Solar eclipses have no temporary effect on humans. However, a solar eclipse does have a great short-term impact on the circadian clocks of animals. Specifically, total solar eclipses. Total solar eclipses occur when the Moon fully covers the Sun for a full three minutes. During these three minutes, songbirds go quiet, farm animals lie down, crickets start chirping and bats begin hunting. Spiders are also known to dismantle their webs during the totality of the eclipse. This reaction occurs because the animals are reacting to nighttime. Animals will mistake the changes in light conditions with the change from day to nighttime and may begin doing their night/day time activities, depending on whether they are nocturnal animals or not. The masking effect comes into play during this situation. The masking effect explains that certain stimuli (i.e. the eclipse) can overrule normal behavior temporarily without affecting the internal clock and daily rhythms. Once the solar eclipse has terminated, animals will adjust and go back to their day time activities.

How Eclipses affect Life on Earth in the Long Term

Both lunar and solar eclipses have no effect on animals in the long-term. Although, solar eclipses can have a very big, permanent impact on a person’s life. It is important to never look directly at the Sun while the Sun is not in total eclipse. Looking directly at the sun can cause blindness as well as retinal burns. This exposure to such a strong light can cause damage or even destroy cells in the retina. This damage can be permanent and is painless. A few hours to a few days may pass after viewing the eclipse for you to notice that the damage has occurred. This damage can be prevented by wearing “eclipse-watching glasses”. These glasses are much darker than average sunglasses and protect the eyes well. Fortunately, animals do not tend to look at the Sun in their day-to-day life so therefore their eyes should not be at risk. Otherwise, there are no long-term effects on animals caused by solar eclipses.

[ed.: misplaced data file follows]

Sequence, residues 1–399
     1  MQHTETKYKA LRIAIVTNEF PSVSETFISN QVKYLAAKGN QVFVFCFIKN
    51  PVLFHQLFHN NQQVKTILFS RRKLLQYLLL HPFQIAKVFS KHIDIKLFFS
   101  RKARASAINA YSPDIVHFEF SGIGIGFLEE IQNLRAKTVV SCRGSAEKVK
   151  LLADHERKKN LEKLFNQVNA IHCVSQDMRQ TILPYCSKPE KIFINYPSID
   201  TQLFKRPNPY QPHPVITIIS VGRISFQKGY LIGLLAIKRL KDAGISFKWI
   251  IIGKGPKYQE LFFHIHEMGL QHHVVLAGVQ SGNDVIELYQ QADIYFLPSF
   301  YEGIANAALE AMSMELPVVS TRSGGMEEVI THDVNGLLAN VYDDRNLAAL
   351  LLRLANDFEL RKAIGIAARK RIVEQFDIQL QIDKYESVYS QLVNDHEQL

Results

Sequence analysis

Specialized Glasses for Watching Eclipses

How Eclipses affect Space in the Short Term

Solar eclipses have no effect on space in the short-term. On the other hand, total lunar eclipses produce two temporary changes in space. First, the temperature on the Moon plummets. The Moon goes from hot to cold very quickly because it is in Earth’s shadow (also known as Earth’s Umbra) and it is further away from the Sun. Normally, temperature changes on the Moon are slow and are spread out over the course of a lunar day. However, for the period of time that the Moon is in the Earth’s Umbra, the temperature on the Moon will drop. Some parts of the Moon may be hotter than others due to the Sun shining on one spot more than the other. Once the Moon is no longer in the Earth’s Umbra, the temperature on the Moon should normalize. Next, total lunar eclipses cause the Moon to turn red during the duration of the eclipse. This is a result of gas molecules in the Earth’s atmosphere bending the Sun’s light around the surface of the planet, allowing some of it to touch the Moon.

How Eclipses affect Space in the Long Term

Solar eclipses have no long-term effect on Space. Lunar eclipses do not cause permanent changes in Space either, however, as time passes, we may be no longer to see lunar eclipses in the future. This is because the Moon is slowly moving away from the Earth. It is getting about an inch to an inch and a half further away each year. It’s estimated that about in a billion years, the Moon will be too far away from Earth to completely cover the Sun.

__________________________________________________________________________

Sources

http://go.galegroup.com/ps/retrieve.do?tabID=Reference&resultListType=RESULT_LIST&searchResultsType=MultiTab&searchType=BasicSearchForm&currentPosition=2&docId=GALE%7CCV2644300375&docType=Topic+overview&sort=Relevance&contentSegment=ZXBE-MOD1&prodId=SCIC&contentSet=GALE%7CCV2644300375&searchId=R2&userGroupName=43riss&inPS=true